Special Report: Alan Lomax’s Legend Pt. 2
In part one of our special report: Alan Lomax’s Legend, we showed you who Alan Lomax was and why his recordings are so important.
In part two, Corey Adkins takes us to Beaver Island to meet some people who are trying to keep those songs and stories alive.
“These old tunes, and especially the lyrics, they are stories, stories about life,” said Ed Palmer, a Beaver Island resident.
If a cemetery could talk, you probably couldn’t get the Holy Cross Catholic Cemetery on Beaver Island to shut up.
The stories that could come out of here are endless, but thanks to Alan Lomax’s trip in 1938 we can hear some of voices of the past forever.
“I do, he (Johnny Green) was my grandfather. He lived with us in our home on the point,” said Mary Elizabeth Gallagher Heilig, Johnny Green’s granddaughter. “He never bragged or talked about himself.”
Johnny Green lived in a house by the Beaver Island harbor light.
Pam White O’Brien remembers Green while driving around the point.
“Johnny Green, he always sat on the porch from morning until night, so it was kind of a custom that if you went up to the lighthouse and you turned around you had to wave at Johnny Green and he’d wave back,” explained Pam.
Ed added, “He was quite a character. He would drive the kids to school in and we would run behind them and jump on the back of the car and ski to school. The funny thing about him is he would chew tobacco and he’d have the window up and it’d be cold out and he’d go to spit out the window and the window was closed. They’d laugh all the time about that, and that’s no lie.”
What is funny is when Lomax came to town, it’s said that Johnny tried to avoid him, but then actually ended up recording 44 songs for him.
Apparently, Johnny Green knew and remembered the lyrics and melodies for dozens and songs.
Lomax described Green as the most prodigious ballad singer he ever encountered. His granddaughter has fond memories of those days gone by.
“I remember all the house parties growing up as a child, when our aunts and uncles would come home for the summer they’d meet, and my grandma had a piano in her house and that’s where people would gather and spend the evening telling stories and just enjoying each other. There was always someone who played the piano or a violin or some musical instruments,” explained Mary.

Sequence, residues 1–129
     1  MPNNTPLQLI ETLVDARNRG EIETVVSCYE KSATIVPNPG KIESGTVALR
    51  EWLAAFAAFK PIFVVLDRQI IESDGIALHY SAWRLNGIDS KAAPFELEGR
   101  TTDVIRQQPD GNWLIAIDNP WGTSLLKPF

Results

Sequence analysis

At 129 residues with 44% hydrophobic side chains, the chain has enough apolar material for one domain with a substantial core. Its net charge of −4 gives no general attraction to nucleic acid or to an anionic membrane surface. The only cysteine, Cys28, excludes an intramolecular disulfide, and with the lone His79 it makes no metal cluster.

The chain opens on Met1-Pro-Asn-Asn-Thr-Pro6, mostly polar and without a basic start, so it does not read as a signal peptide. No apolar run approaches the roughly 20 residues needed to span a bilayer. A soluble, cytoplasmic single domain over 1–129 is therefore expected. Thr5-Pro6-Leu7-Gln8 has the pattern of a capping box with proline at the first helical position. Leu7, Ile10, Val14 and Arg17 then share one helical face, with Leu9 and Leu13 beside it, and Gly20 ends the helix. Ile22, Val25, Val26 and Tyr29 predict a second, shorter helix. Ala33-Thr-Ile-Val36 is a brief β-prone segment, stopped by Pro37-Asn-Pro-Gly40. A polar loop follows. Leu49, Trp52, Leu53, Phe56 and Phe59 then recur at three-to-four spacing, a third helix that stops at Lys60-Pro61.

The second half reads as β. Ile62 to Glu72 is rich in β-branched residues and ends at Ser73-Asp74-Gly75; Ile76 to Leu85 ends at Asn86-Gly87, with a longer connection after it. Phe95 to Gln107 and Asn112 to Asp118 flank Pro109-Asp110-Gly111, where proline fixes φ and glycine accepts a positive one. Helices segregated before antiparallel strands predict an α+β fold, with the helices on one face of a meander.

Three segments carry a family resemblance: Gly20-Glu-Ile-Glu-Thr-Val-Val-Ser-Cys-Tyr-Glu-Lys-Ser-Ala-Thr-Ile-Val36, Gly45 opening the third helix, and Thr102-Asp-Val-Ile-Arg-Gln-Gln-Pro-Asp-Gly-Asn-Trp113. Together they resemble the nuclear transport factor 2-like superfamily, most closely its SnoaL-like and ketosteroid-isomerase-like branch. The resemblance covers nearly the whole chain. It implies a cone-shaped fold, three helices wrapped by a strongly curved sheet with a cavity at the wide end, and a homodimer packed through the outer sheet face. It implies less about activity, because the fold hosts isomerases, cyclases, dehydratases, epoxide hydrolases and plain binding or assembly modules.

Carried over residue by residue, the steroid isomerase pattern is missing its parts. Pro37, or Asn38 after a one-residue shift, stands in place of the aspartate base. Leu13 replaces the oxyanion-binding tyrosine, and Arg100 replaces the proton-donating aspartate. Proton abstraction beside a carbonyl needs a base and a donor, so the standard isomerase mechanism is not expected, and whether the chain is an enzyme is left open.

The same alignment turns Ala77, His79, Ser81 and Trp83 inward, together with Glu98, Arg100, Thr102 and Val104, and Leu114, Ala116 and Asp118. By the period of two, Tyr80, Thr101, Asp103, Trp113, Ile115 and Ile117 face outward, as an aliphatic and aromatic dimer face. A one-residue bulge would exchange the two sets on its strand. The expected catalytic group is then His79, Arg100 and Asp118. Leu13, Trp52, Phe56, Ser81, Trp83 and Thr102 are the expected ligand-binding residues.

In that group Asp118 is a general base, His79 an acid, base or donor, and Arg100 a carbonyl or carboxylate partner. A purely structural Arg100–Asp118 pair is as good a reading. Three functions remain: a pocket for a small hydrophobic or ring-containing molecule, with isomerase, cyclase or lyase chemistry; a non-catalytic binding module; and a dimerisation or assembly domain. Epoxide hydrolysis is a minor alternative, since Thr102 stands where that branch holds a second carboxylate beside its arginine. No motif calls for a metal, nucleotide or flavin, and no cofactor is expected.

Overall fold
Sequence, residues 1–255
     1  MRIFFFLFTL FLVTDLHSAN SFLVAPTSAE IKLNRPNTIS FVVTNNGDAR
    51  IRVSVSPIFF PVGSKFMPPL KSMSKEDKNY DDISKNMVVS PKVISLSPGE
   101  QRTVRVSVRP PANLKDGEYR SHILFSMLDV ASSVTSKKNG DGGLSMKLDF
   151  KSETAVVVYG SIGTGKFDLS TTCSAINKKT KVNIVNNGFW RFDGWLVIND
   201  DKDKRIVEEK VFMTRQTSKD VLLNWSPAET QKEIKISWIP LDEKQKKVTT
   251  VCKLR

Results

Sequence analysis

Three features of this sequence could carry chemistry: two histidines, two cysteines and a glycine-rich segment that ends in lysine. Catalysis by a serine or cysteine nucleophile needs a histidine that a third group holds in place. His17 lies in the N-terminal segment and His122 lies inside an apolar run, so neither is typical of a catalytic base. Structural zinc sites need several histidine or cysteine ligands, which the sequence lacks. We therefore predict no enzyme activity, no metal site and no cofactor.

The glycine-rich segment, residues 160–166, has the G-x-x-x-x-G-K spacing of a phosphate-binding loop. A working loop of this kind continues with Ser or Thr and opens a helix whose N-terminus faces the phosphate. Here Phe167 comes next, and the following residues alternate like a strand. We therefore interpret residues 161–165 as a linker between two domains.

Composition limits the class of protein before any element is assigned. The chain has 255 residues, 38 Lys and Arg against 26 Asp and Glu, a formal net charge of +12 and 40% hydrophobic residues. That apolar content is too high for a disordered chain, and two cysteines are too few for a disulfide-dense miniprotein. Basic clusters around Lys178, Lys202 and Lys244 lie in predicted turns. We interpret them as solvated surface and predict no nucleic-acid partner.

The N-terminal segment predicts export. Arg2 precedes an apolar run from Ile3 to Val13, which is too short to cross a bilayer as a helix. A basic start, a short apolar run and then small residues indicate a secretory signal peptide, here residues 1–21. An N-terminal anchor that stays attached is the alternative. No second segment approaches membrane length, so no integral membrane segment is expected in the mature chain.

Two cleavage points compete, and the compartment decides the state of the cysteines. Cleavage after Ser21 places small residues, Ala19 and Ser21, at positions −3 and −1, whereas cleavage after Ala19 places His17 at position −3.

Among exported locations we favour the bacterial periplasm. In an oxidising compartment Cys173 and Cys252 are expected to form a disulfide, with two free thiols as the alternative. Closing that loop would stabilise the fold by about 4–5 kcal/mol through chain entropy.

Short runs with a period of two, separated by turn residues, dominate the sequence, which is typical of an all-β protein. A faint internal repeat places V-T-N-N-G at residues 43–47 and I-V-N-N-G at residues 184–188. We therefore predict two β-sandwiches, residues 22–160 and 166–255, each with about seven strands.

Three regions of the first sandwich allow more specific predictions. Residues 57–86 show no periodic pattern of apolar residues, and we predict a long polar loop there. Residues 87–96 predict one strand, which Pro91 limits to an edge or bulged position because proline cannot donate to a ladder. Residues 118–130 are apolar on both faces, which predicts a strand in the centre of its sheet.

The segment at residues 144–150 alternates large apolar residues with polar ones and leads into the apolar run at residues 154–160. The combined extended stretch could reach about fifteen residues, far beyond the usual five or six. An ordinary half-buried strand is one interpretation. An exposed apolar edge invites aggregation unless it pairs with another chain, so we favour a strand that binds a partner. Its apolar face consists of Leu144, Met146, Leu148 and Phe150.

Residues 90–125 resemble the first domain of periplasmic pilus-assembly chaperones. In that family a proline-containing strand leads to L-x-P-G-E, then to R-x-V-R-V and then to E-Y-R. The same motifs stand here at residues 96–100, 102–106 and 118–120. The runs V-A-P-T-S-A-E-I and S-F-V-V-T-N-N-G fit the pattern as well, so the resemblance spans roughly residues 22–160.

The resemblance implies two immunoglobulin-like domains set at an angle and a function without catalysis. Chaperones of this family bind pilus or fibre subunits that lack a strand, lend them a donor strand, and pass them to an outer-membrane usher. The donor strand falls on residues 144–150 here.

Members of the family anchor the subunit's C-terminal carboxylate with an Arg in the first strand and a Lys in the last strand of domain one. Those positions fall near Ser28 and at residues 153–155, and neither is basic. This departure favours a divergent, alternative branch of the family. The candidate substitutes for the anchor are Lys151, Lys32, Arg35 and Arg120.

One of those musicians was Patrick Bonner.
“I have wonderful memories of Patrick,” said Mary. “When I was really little, you’d drive by his farmhouse and he’d say, ‘Hi, how are you? How are your mom and dad?’ and he’d disappear and come back with a fiddle because he knew you wanted him to play that fiddle. He was excellent, he was very, very good.”
Alan Lomax called Patrick Bonner the best fiddle player he’s ever seen.
As a child, Ed Palmer remembers playing with Bonner.
“It was inspiring. I was playing with an old-timer and I was just a kid, and he’d just smile and said let’s go. You’d hear the piano going and we’d be on our way,” said Ed.
Lomax spent six days on Beaver Island in 1938, longer than any place he visited on his Michigan trip.
If we are to learn anything from his recordings, it’s how deeply important these songs and stories are to Beaver Island and beyond.
It’s a legacy folks like Ed Palmer, Danny Gillespie and other musicians are trying to keep alive
“It’s part of our history, it’s who we are and, you know, just to see that continued on and Edward is just a rock star in our family, we have family members that just want to heard Edward play,” explained Mary.
Pam added, “Our roots mean a lot to us and our heritage, and we kind of revere all those old folks, especially musically. It’s like our Edward Palmer and Danny Gillespie now, they are our champion musicians.”
Ed said, “All the old time tunes, you don’t find them around anymore, the old-timers used to write songs about things on the island that really happened. No one writes anymore, the characters aren’t around anymore, the farming days in them days, they worked hard and partied together and helped each other out and they’d write stories and songs about one another. That heritage is gone, so anything I hang onto and try to keep them around.”
And for that, we thank you Ed!
“I think I’ll stick around a bit more. I’ve worn out about nine pianos, but I’ve got about 3 -4 to go!” said Ed.